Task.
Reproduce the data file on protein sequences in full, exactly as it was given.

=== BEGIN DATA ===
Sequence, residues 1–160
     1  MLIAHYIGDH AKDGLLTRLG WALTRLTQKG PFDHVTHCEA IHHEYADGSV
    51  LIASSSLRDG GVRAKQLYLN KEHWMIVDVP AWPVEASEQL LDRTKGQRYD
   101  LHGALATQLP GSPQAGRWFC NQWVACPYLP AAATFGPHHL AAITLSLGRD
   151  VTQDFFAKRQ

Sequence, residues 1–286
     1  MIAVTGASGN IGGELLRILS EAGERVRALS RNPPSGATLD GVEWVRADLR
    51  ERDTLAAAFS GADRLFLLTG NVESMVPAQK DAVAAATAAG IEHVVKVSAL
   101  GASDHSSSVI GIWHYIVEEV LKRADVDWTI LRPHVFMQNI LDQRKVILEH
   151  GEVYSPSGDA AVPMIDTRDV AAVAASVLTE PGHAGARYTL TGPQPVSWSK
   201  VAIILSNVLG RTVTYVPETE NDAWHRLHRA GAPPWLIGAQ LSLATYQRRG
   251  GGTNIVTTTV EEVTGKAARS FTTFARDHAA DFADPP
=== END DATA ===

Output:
Sequence, residues 1–160
     1  MLIAHYIGDH AKDGLLTRLG WALTRLTQKG PFDHVTHCEA IHHEYADGSV
    51  LIASSSLRDG GVRAKQLYLN KEHWMIVDVP AWPVEASEQL LDRTKGQRYD
   101  LHGALATQLP GSPQAGRWFC NQWVACPYLP AAATFGPHHL AAITLSLGRD
   151  VTQDFFAKRQ

Sequence, residues 1–286
     1  MIAVTGASGN IGGELLRILS EAGERVRALS RNPPSGATLD GVEWVRADLR
    51  ERDTLAAAFS GADRLFLLTG NVESMVPAQK DAVAAATAAG IEHVVKVSAL
   101  GASDHSSSVI GIWHYIVEEV LKRADVDWTI LRPHVFMQNI LDQRKVILEH
   151  GEVYSPSGDA AVPMIDTRDV AAVAASVLTE PGHAGARYTL TGPQPVSWSK
   201  VAIILSNVLG RTVTYVPETE NDAWHRLHRA GAPPWLIGAQ LSLATYQRRG
   251  GGTNIVTTTV EEVTGKAARS FTTFARDHAA DFADPP